Teaching a primary science curriculum is no mean feat. We must cover topics ranging from ecology and evolution to forces and electricity. This, coupled with the fact that most primary teachers are not equipped with degree-level science knowledge, can make teaching the sciences rather daunting.

I am not a physicist. In fact, I have the unenviable claim of having failed physics A-level twice – much to the amusement of my physics teacher husband. However, I have always been passionate about science and, after 10 years as a university lecturer in marine biology, I retrained and became a primary teacher.

But no matter our background, the advantage we all have is that children are naturally curious. Watching the early years pupils at my school, I am often overwhelmed by the level of scientific thinking and investigation going on: exploring what makes things melt, how to construct the best bridge, or why shadows occur.

This early science is essential and helps children begin to acquire science knowledge as well as specific and nonspecific vocabulary. 

Our role as teachers is to build on this curiosity and support the children to develop their interest and understanding of science so they can explain the world around them, both now and as they get older.

It has become increasingly apparent that children have decided by the time they leave primary school whether STEM subjects will be a likely career option for them: it is therefore essential that we get our teaching ‘right’ to contribute positively to this.

Physics for kids

Of the three disciplines, physics is possibly the one that teachers find most challenging. Often their last experience of physics was their own secondary education, which in many cases did not develop the confidence required to teach the subject.

There is no magic formula for teaching physics, no one way that will guarantee success and a long-term interest in the subject, so what can be done?

Teacher confidence and subject knowledge significantly impact children’s ability to engage and understand a subject and are inextricably linked.

While access to high quality CPD for teachers is a key recommendation from the recent Ofsted review of science teaching, in most primary schools, time, funding and access limit these opportunities. So, you need something cheap (preferably free!), bespoke to your needs, and time efficient. 

In school, we use the Wellcome Trust’s free online Reach Out CPD to support teachers in preparing for each unit of work. The key to success is to formally build this into CPD time.

As an Ogden Trust partnership school, we benefit from bespoke physics CPD to support staff in their subject knowledge and classroom practice.

The Ogden Trust website is worth a visit for any primary teacher, providing an abundance of free online resources invaluable for planning and delivering high quality lessons.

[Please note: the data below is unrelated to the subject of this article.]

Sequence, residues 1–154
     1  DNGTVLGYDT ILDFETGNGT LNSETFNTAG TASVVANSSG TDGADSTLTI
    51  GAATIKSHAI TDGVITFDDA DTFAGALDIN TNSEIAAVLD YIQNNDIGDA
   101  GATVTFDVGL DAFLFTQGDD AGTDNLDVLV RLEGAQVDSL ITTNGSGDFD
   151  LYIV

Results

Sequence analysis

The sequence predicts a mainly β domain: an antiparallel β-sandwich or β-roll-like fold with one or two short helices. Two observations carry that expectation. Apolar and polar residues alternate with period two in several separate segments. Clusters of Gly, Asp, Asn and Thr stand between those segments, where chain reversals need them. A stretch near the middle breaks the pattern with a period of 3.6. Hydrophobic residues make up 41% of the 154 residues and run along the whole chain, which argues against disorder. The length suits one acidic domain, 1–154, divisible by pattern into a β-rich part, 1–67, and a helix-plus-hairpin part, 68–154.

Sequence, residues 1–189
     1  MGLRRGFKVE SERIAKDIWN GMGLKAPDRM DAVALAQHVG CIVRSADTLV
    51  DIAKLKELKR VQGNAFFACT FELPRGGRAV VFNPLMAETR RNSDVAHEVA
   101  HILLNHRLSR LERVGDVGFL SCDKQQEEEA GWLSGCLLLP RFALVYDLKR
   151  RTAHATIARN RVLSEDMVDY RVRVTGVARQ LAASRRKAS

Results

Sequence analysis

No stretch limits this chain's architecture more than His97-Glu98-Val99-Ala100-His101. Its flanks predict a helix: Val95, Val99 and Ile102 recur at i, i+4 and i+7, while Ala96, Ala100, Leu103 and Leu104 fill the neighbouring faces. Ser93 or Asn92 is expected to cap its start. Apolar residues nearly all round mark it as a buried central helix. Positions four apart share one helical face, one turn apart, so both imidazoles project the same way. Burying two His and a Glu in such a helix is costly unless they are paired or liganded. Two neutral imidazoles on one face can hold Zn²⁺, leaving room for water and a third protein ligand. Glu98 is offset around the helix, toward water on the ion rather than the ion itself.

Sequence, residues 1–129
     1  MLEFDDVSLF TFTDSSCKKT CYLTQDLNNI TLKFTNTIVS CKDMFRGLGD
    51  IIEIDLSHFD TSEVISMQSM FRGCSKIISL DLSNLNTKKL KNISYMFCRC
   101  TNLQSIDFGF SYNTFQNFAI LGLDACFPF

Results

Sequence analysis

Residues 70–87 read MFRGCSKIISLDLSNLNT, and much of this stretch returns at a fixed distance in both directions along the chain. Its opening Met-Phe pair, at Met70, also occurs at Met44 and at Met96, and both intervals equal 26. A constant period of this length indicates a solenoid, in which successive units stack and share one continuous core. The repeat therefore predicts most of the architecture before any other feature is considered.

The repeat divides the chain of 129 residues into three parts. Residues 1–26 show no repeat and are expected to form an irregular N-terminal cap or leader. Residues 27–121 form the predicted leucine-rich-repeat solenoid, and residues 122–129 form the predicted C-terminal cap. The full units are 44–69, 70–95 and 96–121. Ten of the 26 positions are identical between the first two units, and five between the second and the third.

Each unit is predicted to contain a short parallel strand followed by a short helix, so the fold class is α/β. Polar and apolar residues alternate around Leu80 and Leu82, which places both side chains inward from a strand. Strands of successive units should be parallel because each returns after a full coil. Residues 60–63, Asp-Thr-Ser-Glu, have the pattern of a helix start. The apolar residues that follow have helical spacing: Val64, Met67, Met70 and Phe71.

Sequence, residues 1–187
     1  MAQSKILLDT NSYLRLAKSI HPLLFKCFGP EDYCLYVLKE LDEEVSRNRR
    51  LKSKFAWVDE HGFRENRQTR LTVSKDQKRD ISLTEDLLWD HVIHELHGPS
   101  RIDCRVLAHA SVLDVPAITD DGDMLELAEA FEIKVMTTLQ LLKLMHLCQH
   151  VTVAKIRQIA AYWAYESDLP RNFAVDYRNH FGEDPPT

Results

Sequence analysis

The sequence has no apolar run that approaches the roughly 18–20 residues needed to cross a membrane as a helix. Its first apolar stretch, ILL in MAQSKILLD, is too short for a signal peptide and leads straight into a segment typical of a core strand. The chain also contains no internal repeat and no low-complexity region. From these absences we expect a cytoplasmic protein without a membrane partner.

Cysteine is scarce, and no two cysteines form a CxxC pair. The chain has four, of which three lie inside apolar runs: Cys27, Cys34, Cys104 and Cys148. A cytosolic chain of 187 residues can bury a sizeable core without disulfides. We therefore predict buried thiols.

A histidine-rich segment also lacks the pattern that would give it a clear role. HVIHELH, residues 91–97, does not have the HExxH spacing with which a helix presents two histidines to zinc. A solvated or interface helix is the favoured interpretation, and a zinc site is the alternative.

Check out their Space Camp, too, if you’re looking for extra activities.

The subtle change from physics being something to be wary of, to being something that we celebrate as a school is a powerful message. This is equally true for staff as well as pupils.

Ask a physicist

Working with partner secondary schools may also offer help, as a point of support for more specific questions and to develop links across key stages.

My Y6 children enjoyed an ‘Ask a physicist’ challenge during our light topic last year, sending their questions to our partner secondary school for their A-level physicists to answer – a fantastic opportunity for collaboration and consolidating learning for both sets of pupils.

Local STEM ambassadors, university outreach teams and industry all offer a wide range of free resources and support to help schools with engagement in physics, too.

But more importantly, they show its context, career opportunities and relevance to children’s lives. This is key to promoting passion and interest in science.

Learning is a long-term game, meaning that big, one-off events will not, on their own, lead to this most precious commodity being gained. Becoming more expert in something is a massive, intrinsic motivation that needs to be developed.

Watching a rocket blast into space may produce a wow factor but knowing how the astronauts have trained, what they might experience and what they investigate adds a deep richness to the experience.

It does, however, mean that children need not only to understand the science and its relevance but also take part in activities to help them remember it… long-term.

Developing curiosity, knowledge, excitement and breaking down barriers in learning, physics is quite clever really.


Dr Michelle Saunders is a Y6 teacher and curriculum lead at St Matthew’s Catholic Primary School in Prudhoe, Northumberland. She also leads Ogden Trust and Space Camp partnerships in the region to promote teaching and learning in physics.